The investigational vaccine is made from a stabilized form of the coronavirus spike protein using Novax’s recombinant protein nanoparticle technology. The purified protein antigens in the vaccine cannot replicate nor cause COVID-19. The vaccine also contains a proprietary adjuvant, MatrixM. Adjuvants are additives that enhance desired immune system responses to vaccines. NVX-CoV2373 is administered in liquid form and can be stored, handled and distributed at above-freezing temperatures (35° to 46°F.). A single vaccine dose contains 5 micrograms of protein and 50 mcg of adjuvant.
In animal tests, vaccination produced antibodies that blocked the coronavirus spike protein from binding to the cell surface receptors targeted by the virus, preventing viral infection. In results of a Phase 1 clinical trial published in the New England Journal of Medicine, NVX-CoV2373 was generally well-tolerated and elicited higher levels of antibodies than those seen in blood samples drawn from people who had recovered from clinically significant COVID-19.
NVX-CoV2373 also is being evaluated in a Phase 2b trial in South Africa, now fully enrolled with 4,422 volunteers, and data from a Phase 1/2 continuation trial in the U.S. and Australia is expected as early as first quarter 2021. Novavax also recently completed enrollment of more than 15,000 volunteers in a Phase 3 trial of the candidate vaccine in the United Kingdom, which is also testing two injections of 5 mcg of protein and 50 mcg of Matrix-M adjuvant administered 21 days apart.
An independent Data and Safety Monitoring Board (DSMB) will provide oversight to ensure the safe and ethical conduct of the study. All Phase 3 clinical trials of candidate vaccines supported through OWS are overseen by a common DSMB developed in consultation with the NIH Accelerating COVID-19 Therapeutic Interventions and Vaccines initiative.
THE LARGER TREND
The development and rollout of coronavirus vaccines has been closely monitored by the public and the healthcare industry. Just days before Christmas, the Department of Health and Human Services and Department of Defense announced they will purchase another 100 million doses of Pfizer’s COVID-19 vaccine. Officials are confident that this deal will ensure that there are enough vaccines available for every American who wants one by June 2021.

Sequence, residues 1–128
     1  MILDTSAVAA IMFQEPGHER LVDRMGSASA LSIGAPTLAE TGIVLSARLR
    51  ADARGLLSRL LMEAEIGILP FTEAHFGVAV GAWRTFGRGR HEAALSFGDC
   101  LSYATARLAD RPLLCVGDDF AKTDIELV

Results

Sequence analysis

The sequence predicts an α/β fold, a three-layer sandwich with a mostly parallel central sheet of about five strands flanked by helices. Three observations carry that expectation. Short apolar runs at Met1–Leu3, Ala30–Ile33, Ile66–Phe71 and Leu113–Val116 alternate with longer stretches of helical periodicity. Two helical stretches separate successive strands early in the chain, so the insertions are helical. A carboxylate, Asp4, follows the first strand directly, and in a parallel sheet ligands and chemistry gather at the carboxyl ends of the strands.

Under the agreement, Pfizer will manufacture and distribute the 100 million doses to government-designated locations. At least 70 million doses will be delivered by the end of June 2021, with the remaining doses to be delivered by the end of July.
This week, CareFirst BlueCross BlueShield announced that costs associated with all FDA-authorized COVID-19 vaccines will be fully covered for all members, including members in self-insured plans.
Initial vaccine supplies are expected to be limited. Most states will distribute the vaccines in phases, using Centers for Disease Control and Prevention recommendations to determine which populations will be vaccinated during each phase. As vaccines become more widely and readily available, each state will communicate when and where vaccinations will occur.
Throughout the public health emergency, it’s important to continue practicing social distancing behaviors such as wearing a mask, staying at least six feet apart, and washing one’s hands, according to CareFirst.